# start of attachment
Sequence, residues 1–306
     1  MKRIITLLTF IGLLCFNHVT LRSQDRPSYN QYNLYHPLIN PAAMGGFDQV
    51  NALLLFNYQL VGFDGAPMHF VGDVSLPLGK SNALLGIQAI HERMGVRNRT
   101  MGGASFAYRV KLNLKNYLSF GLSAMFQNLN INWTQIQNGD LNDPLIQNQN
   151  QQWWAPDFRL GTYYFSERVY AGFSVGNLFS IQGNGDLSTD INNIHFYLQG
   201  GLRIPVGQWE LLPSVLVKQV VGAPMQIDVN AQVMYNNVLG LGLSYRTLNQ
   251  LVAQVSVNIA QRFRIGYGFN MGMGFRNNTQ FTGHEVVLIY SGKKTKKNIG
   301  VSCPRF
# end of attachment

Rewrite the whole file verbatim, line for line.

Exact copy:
Sequence, residues 1–306
     1  MKRIITLLTF IGLLCFNHVT LRSQDRPSYN QYNLYHPLIN PAAMGGFDQV
    51  NALLLFNYQL VGFDGAPMHF VGDVSLPLGK SNALLGIQAI HERMGVRNRT
   101  MGGASFAYRV KLNLKNYLSF GLSAMFQNLN INWTQIQNGD LNDPLIQNQN
   151  QQWWAPDFRL GTYYFSERVY AGFSVGNLFS IQGNGDLSTD INNIHFYLQG
   201  GLRIPVGQWE LLPSVLVKQV VGAPMQIDVN AQVMYNNVLG LGLSYRTLNQ
   251  LVAQVSVNIA QRFRIGYGFN MGMGFRNNTQ FTGHEVVLIY SGKKTKKNIG
   301  VSCPRF